• Eat fortified breakfast cereals, nutritional yeast, and fortified soy milk for B12. Supplements are a good idea.
• Eat flaxseed and walnuts. Use canola, flaxseed, walnut, and soybean oil. These are all sources of omega-3 fatty acids. You may also want to take an omega-3 supplement.
There are two aspects to raw food. The first is the preservation of the “life-force” of the plant; and the second is preserving the nutrients in the food.
Preserving the Life Force
Techniques such as Kirlian photography show that raw foods contain an electromagnetic energy or vital force, which still defies scientific measurement. The phantom effect in Kirlian photography gives a clear indication that there is an energy field that is superimposed on the molecular structure of all living forms. Living organisms show a radiating luminescence that is reduced or even absent in dead tissue.
In general, raw food retains more minerals, vitamins, enzymes, and fiber. Many nutrients, especially vitamins and enzymes, are at least partially destroyed by cooking. For example, much of the vitamin C in peeled boiled vegetables is either peeled off with the skin or poured down the sink with the cooking water. There are times when it would be more nutritious to drink the vegetable water and throw away the vegetables, particularly if they are boiled in a large quantity of water.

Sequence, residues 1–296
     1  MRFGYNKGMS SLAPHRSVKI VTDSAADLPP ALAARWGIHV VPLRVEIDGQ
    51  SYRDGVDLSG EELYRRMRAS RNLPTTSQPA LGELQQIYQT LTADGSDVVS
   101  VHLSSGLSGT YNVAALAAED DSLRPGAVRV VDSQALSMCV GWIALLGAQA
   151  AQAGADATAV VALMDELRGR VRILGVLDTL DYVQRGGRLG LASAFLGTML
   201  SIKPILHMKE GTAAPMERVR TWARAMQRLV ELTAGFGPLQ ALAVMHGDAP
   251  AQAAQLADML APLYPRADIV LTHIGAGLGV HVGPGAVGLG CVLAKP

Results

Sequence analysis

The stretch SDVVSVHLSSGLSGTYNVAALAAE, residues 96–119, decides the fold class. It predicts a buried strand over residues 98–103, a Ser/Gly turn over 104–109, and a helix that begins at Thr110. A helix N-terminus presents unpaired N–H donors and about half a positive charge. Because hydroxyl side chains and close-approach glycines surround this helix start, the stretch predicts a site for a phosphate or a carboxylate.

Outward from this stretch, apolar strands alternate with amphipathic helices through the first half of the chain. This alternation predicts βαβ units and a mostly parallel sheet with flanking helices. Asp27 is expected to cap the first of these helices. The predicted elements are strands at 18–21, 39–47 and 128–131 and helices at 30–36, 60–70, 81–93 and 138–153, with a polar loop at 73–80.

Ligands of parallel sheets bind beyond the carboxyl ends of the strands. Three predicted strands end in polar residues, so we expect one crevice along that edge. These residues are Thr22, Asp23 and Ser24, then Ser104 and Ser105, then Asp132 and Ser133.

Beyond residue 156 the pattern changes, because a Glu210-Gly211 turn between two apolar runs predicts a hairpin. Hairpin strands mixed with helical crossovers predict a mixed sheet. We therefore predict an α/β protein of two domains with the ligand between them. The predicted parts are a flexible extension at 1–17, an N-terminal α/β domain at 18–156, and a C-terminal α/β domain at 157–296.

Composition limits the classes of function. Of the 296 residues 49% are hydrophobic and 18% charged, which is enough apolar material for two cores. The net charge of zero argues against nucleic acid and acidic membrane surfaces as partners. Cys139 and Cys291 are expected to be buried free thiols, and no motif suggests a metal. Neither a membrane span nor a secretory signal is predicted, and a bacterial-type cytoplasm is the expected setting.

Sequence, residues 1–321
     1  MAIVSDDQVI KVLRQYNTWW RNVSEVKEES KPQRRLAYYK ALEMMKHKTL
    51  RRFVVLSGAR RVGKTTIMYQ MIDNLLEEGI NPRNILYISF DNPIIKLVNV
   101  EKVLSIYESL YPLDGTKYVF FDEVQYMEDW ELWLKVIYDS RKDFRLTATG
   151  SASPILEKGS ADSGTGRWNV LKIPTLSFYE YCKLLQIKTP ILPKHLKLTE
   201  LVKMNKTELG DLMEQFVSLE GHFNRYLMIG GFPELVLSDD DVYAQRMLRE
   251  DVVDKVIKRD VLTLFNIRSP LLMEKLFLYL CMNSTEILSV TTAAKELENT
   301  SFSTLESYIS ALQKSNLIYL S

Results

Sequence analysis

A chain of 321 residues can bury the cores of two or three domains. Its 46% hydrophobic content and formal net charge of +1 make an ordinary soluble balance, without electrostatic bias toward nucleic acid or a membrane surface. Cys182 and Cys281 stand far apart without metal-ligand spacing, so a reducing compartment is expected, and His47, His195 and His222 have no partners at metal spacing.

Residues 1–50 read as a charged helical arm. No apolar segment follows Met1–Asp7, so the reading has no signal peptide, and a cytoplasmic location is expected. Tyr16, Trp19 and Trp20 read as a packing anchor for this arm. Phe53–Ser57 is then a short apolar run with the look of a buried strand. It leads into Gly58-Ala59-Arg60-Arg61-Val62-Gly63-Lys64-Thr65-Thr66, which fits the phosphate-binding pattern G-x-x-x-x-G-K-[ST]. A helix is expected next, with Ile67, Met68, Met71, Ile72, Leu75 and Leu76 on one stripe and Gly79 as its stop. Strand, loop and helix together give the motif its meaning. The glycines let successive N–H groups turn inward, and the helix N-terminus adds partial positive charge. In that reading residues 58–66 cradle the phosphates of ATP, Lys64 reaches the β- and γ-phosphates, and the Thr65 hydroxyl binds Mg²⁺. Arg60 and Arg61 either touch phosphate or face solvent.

Most minerals are not affected by heat except potassium, which a mineral that many of us do not consume enough of.
Raw or “living food” diets usually have a higher intake of antioxidants and certain phytonutrients.
Cooking foods destroys the enzymes present in the food. Enzymes are complex chains of molecules that convert the fuel from the foods we eat to the correct state for the cells and tissues to take in. They are present in every living cell, plant, and animal. Vitamins can only do their work in the presence of enzymes. Two circumstances affect the activity of enzymes, cold and heat. Cold does not destroy them but inactivates them (freezing, for example). Heat above 122˚F destroys enzymes permanently. The boiling point of water is 212˚F, so when you boil food, all the enzymes are destroyed.
Raw food contains more fiber, as cooking breaks fiber down. A high-fiber diet will keep the bowel functioning correctly and help to cleanse toxins from the body with the added bonus of assisting in weight loss. It is surprisingly difficult to reach the recommended 35 grams of fiber daily within reasonable calorie ranges unless a large percentage of the diet consists of raw fruits and vegetables!